Leaders typically have expectations for their followers’ performance. These expectations can serve to improve follower performance. However, when leader performance expectations become sufficiently high, they may become demanding for followers. To meet these demands, individuals may use compensatory behaviors, including stimulant use (i.e., caffeine). However, these variables may relate to further negative well-being consequences (i.e., mental fatigue). Drawing from Conservation of Resources (COR), this study sought to elucidate the potential relationships between these variables by testing their interplay in a loss spiral. This study used an archival dataset that included 127 employees who completed 3 daily surveys across 10 working days. Results do not suggest that a loss spiral is occurring. Caffeine was not a significant predictor of performance or other next-day mental fatigue. Leader performance expectations positively predicted same-day caffeine use, same-day perceived job performance, and next-day mental fatigue. This highlights both positive and aversive consequences of leader performance expectations. This study contributes to the understanding of leadership theories and the effects of high leader performance expectations on employees. Notably, this study makes these contributions at the within-person level.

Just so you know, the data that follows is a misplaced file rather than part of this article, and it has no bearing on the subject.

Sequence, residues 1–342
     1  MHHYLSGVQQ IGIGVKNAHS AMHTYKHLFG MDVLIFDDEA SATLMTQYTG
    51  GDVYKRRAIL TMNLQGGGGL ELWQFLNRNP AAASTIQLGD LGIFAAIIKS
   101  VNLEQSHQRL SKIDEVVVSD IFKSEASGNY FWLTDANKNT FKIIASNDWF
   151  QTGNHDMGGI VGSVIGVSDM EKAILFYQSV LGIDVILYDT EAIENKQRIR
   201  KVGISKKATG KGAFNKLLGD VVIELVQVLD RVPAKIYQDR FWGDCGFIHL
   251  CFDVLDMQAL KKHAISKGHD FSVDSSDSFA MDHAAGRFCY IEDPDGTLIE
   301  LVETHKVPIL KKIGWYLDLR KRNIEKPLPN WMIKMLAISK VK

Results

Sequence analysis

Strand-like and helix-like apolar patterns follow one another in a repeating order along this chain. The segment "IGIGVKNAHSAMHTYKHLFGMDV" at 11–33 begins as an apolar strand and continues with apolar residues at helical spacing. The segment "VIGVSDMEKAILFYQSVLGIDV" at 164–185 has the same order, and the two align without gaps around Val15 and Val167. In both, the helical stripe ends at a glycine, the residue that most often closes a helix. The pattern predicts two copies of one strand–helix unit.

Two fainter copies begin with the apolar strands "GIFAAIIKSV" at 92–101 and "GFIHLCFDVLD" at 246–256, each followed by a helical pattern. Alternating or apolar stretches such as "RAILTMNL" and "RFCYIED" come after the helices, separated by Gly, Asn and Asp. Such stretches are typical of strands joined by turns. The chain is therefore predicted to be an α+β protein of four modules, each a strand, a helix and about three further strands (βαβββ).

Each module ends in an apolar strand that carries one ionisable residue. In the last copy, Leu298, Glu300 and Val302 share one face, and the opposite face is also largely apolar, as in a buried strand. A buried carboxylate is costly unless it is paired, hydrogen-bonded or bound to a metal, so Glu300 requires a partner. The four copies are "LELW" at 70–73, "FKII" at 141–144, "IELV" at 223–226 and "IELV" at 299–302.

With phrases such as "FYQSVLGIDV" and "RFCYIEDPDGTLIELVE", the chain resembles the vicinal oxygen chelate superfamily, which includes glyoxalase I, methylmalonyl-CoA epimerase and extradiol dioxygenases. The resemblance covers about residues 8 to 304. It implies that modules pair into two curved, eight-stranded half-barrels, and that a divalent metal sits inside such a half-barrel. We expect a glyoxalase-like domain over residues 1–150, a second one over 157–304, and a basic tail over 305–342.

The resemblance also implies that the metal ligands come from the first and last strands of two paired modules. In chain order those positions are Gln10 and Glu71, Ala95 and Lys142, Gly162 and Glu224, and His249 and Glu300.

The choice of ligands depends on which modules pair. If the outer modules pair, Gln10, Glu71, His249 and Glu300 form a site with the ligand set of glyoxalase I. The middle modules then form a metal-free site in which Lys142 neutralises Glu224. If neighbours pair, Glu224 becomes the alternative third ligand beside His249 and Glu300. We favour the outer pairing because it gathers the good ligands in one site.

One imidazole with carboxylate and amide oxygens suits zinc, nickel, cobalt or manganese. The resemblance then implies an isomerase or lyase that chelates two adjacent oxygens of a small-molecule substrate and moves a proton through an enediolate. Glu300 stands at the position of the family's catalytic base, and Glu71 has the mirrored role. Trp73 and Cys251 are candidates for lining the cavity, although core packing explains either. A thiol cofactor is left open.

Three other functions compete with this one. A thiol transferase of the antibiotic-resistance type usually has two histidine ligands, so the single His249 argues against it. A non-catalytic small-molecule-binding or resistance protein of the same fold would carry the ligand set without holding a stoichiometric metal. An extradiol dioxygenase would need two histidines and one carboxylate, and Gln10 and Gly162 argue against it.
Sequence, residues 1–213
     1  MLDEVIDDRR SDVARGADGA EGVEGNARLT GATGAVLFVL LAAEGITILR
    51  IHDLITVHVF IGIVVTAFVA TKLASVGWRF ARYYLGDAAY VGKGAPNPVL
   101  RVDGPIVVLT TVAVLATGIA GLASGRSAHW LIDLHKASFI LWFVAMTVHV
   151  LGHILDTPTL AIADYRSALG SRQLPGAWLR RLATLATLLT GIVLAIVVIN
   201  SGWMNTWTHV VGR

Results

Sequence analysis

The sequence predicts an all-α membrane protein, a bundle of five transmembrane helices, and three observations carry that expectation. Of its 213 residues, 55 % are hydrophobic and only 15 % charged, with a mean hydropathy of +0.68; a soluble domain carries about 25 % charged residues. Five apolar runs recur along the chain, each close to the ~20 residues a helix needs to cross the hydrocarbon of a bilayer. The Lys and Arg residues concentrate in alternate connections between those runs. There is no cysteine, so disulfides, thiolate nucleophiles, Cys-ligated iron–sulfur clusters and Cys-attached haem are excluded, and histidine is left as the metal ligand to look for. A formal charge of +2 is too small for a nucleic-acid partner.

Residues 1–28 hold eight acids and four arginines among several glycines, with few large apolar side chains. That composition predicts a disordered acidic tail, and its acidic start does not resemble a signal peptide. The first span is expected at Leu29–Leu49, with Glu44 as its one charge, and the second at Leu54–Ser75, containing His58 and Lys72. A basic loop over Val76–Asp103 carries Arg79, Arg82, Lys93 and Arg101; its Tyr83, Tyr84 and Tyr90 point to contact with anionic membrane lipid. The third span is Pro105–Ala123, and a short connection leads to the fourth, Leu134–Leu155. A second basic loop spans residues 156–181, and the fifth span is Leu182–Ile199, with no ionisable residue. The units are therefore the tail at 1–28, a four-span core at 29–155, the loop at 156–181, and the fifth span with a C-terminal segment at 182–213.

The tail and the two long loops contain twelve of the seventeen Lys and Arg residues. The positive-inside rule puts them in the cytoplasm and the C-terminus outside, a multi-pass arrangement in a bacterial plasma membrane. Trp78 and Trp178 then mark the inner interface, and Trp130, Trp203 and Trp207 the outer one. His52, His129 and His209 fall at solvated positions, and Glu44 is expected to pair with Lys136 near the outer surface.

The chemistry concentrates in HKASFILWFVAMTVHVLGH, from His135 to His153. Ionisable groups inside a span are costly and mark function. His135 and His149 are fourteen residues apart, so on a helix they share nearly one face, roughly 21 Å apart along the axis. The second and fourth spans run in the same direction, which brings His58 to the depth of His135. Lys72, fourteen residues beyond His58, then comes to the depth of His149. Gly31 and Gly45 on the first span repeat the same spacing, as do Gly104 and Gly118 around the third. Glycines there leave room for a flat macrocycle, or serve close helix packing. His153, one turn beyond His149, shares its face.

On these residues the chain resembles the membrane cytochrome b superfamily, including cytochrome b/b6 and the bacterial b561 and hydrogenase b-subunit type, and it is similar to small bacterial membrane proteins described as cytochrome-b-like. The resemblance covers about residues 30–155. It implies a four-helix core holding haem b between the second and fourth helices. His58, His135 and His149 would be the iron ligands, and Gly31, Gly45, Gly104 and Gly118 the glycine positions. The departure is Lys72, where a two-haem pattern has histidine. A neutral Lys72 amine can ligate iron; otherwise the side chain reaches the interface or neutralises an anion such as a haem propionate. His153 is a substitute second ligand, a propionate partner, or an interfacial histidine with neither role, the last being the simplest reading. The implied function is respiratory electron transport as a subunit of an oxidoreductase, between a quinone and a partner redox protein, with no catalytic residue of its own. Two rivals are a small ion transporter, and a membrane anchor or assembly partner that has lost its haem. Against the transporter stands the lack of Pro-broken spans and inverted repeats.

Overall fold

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    From Adoption to Disuse: Investigating the Factors Influencing ​ Disuse of Smart Technologies in Older Adults​
    (Georgia Institute of Technology, 2024-02-08) Gleaton, Emily C.
    The purpose of this poster was to elucidate the qualitative research findings about why older adults adopt and subsequently discontinue using conversational agent technology.
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    Directability Through AI Customization: The Effect of Choice on Trust and Acceptance in Highly Automated Vehicles
    (Georgia Institute of Technology, 2023-12-05) Scott-Sharoni, Sidney Tammie